Wheat futures headed for a bear market and corn prices fell as the U.S. government said global supplies will be bigger than analysts estimated.
World inventories by the end of May will reach 188.6 million metric tons, the U.S. Department of Agriculture said. That compares with last month’s estimate of 187.4 million and the 188.08 forecast by analysts in a Bloomberg survey. The agency also increased its estimate for domestic reserves and said world corn stockpiles topped forecasts.
Rising grain supplies are helping to keep global food costs in check, with the United Nations saying that world prices fell for a second month in May. The Standard & Poor’s GSCI Agricultural Index of eight crops fell for a sixth straight week through June 6, the longest slump since October 2011.
"There is nothing positive for prices with building global supplies," Dale Durchholz, the senior market analyst for AgriVisor LLC in Bloomington, Illinois, said in a telephone interview. "The next two months of weather are critical for crop development and final yields."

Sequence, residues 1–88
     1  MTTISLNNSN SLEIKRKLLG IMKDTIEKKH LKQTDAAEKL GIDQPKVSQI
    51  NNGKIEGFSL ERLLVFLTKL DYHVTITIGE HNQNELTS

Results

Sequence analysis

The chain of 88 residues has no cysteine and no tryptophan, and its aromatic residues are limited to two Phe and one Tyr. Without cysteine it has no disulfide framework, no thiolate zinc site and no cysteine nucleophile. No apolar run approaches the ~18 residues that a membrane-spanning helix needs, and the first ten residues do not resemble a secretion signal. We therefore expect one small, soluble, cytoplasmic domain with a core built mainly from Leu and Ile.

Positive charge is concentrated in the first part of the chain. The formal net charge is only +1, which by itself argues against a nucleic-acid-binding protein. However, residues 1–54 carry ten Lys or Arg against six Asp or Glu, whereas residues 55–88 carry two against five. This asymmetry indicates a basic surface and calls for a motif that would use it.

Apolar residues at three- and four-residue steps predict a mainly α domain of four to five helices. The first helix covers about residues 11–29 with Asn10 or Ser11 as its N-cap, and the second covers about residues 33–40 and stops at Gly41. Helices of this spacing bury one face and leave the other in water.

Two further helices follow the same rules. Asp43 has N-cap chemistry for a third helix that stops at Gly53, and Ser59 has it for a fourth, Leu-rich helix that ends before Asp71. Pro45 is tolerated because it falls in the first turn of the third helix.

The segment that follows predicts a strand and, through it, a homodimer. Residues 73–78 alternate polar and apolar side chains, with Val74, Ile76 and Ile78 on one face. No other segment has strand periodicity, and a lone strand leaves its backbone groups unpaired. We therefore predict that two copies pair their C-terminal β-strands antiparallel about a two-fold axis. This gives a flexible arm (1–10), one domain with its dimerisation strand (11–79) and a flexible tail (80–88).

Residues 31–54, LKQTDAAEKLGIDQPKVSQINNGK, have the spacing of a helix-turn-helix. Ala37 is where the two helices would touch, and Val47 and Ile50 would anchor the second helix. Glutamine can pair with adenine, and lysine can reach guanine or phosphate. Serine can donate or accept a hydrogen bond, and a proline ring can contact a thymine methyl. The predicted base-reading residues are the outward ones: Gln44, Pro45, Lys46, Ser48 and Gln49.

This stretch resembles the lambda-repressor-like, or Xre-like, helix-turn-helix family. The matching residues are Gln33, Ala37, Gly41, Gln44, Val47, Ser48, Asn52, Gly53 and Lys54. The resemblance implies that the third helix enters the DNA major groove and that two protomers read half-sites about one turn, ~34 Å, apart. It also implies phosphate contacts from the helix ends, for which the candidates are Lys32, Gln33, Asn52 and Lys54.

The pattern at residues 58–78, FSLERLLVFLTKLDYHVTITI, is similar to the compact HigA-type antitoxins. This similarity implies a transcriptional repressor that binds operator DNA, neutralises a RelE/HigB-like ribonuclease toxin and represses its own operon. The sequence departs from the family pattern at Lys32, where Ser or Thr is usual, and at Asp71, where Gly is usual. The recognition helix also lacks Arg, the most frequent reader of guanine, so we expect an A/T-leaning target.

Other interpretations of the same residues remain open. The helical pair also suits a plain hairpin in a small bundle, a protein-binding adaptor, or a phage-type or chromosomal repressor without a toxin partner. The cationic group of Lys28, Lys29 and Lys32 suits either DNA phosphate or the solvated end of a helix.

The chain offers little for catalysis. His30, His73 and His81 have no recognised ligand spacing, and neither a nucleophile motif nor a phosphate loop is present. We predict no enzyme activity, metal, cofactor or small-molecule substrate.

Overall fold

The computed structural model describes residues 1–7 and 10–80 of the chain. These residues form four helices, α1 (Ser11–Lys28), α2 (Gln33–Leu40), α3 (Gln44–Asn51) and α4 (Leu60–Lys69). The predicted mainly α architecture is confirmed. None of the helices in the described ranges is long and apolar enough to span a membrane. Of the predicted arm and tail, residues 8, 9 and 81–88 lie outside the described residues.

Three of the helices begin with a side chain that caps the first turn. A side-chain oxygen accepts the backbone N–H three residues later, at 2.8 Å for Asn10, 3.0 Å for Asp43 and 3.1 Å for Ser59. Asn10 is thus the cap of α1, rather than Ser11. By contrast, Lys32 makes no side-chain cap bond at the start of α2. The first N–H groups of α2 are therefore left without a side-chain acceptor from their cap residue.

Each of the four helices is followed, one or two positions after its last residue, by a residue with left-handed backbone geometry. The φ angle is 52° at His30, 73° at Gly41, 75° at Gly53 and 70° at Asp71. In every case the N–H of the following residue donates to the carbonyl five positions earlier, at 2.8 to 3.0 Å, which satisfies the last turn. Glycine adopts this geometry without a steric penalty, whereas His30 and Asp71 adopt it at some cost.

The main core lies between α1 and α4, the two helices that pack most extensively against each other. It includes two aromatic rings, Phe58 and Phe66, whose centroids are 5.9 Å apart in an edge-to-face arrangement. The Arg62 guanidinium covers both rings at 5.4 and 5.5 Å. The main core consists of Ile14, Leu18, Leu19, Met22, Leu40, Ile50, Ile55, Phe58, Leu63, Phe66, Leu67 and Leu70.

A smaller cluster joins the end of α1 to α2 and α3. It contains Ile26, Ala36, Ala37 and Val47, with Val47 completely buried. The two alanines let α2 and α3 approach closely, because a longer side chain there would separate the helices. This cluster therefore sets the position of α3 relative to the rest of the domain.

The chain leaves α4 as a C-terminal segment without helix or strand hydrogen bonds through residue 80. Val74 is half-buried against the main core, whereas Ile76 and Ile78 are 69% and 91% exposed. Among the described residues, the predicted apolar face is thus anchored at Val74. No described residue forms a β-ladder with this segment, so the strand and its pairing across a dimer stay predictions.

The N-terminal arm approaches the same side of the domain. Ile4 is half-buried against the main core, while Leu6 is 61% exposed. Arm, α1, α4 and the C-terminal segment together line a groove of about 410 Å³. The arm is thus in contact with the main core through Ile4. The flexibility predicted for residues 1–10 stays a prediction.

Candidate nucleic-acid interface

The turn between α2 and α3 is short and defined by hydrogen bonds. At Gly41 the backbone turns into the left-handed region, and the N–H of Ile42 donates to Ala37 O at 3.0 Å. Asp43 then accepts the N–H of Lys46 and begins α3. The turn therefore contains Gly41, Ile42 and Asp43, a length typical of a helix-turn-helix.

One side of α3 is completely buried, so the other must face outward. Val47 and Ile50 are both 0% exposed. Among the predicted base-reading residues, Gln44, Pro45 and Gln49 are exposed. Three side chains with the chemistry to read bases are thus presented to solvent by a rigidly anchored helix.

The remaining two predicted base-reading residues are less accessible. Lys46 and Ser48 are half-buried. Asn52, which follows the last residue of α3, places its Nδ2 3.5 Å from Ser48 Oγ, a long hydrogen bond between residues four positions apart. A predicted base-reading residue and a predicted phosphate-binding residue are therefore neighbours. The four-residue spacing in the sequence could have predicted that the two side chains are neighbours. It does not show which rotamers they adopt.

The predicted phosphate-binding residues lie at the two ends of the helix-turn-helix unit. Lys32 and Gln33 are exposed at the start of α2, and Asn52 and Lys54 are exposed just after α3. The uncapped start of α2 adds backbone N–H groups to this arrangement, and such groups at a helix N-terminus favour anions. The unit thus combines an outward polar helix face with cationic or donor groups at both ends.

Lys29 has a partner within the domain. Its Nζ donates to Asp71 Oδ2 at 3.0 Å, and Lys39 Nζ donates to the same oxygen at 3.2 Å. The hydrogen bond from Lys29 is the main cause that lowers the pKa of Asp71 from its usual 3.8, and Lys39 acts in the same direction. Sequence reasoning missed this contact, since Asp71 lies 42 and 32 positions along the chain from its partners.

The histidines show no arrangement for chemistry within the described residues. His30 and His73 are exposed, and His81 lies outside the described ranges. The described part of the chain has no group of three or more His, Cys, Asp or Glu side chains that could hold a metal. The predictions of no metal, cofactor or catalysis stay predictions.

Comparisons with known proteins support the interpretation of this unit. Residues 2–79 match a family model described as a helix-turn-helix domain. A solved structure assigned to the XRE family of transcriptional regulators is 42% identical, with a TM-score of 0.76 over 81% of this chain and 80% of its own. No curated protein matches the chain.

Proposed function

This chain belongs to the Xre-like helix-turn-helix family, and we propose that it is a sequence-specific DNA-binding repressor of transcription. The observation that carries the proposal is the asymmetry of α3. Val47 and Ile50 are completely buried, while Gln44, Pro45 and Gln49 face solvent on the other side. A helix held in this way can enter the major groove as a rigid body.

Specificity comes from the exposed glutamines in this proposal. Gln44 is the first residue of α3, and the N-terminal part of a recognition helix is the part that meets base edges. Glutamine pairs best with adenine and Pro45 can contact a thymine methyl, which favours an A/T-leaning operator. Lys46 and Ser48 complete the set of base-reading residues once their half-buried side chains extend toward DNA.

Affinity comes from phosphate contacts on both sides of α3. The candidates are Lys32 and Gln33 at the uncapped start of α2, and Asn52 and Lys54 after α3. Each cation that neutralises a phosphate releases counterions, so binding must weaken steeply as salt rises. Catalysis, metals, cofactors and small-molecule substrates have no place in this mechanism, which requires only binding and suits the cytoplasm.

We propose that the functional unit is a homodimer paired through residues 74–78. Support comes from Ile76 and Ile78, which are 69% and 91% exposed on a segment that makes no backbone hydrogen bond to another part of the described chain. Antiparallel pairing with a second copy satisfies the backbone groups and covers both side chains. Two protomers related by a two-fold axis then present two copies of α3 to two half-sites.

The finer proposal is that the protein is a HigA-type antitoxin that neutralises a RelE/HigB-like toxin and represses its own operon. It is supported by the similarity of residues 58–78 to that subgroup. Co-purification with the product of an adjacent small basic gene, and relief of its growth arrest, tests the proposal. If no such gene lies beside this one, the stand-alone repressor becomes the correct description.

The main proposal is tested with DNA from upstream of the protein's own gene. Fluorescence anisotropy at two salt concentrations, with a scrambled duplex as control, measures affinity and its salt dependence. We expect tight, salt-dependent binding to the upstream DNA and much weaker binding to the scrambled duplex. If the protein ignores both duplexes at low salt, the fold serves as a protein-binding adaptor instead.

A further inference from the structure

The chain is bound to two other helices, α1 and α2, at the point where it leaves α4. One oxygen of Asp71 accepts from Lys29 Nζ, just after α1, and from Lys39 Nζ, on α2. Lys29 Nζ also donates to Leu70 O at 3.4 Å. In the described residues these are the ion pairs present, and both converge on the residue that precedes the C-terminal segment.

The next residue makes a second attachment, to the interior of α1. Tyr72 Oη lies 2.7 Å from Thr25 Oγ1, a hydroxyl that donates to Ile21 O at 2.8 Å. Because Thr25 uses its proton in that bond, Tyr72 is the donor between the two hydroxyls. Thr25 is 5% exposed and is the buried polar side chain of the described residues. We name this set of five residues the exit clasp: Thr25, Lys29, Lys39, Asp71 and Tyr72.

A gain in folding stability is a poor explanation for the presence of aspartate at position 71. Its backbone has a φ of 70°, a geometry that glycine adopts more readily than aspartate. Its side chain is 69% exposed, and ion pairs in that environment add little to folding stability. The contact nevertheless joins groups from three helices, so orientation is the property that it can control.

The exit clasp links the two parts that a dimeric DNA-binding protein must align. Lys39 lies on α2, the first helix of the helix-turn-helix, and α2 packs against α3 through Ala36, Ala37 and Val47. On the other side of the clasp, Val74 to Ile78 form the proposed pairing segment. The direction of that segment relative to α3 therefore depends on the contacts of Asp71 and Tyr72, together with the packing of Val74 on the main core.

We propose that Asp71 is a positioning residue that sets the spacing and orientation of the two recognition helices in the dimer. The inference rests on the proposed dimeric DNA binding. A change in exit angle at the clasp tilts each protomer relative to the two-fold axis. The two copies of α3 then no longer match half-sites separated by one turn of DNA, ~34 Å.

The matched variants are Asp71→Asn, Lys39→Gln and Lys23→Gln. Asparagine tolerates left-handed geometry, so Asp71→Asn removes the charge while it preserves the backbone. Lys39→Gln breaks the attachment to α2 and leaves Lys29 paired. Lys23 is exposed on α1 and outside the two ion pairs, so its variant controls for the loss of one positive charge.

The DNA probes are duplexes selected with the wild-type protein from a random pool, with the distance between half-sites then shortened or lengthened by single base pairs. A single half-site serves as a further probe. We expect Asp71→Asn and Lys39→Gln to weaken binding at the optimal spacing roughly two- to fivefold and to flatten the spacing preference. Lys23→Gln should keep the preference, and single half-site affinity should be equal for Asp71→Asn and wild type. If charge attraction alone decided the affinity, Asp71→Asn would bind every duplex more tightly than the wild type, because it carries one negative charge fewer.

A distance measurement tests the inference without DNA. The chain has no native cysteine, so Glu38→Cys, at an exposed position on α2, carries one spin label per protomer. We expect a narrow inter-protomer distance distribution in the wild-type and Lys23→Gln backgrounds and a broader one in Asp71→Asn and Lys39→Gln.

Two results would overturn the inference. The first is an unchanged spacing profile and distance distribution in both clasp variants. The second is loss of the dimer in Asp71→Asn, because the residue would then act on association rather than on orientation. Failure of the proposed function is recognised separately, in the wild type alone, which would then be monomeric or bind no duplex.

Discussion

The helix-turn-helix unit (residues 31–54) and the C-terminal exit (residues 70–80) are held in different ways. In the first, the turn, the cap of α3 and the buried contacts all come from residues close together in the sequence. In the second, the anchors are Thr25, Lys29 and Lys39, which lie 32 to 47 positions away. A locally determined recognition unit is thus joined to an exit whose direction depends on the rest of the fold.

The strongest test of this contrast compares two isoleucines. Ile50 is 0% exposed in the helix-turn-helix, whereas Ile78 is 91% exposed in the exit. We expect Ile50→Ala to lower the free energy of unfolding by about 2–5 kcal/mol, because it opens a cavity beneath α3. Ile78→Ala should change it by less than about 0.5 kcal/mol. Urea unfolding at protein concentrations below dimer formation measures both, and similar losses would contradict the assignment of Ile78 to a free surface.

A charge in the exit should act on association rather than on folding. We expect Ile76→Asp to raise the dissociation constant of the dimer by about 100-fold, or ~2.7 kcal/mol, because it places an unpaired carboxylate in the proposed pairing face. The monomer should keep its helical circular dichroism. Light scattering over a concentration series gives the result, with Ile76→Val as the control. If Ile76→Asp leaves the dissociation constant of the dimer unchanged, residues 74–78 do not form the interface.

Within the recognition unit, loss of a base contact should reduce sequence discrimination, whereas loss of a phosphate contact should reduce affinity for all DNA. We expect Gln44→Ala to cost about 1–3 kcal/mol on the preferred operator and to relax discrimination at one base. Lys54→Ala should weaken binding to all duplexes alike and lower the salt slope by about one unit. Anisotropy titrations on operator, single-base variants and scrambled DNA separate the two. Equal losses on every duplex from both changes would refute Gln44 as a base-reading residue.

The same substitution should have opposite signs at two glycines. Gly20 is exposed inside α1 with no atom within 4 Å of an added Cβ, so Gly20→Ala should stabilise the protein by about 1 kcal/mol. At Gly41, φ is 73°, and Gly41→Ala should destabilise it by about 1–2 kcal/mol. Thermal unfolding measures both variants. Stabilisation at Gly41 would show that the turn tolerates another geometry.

Wheat futures for July delivery slid 1.5 percent to $5.9225 a bushel at 11:32 a.m. on the Chicago Board of Trade, after touching $5.9175, the lowest for a most-active contract since Feb. 28.
Prices are down more than 19 percent since reaching a 14- month closing high of $7.39 on May 6. A 20 percent drop heralds a bear market.
"The only thing that’s bullish for the grains are low prices, but just because prices are low doesn’t mean it’s cheap," Sterling Smith, a futures specialist at Citigroup Futures in Chicago, said in a telephone interview. "There’s no rush to demand."
Corn futures for December delivery dropped 0.8 percent to $4.415 a bushel on the CBOT, after touching $4.40, the lowest since February.
Prices fell 19 percent in the 12 months through yesterday on forecasts for rising U.S. and world inventories. Larger supplies lower the cost outlook for ethanol makers including Poet LLC, Archer-Daniels-Midland Co. and Valero Energy Corp. and for chicken producers Tyson Foods Inc. and Sanderson Farms Inc., which buy the grain for feed.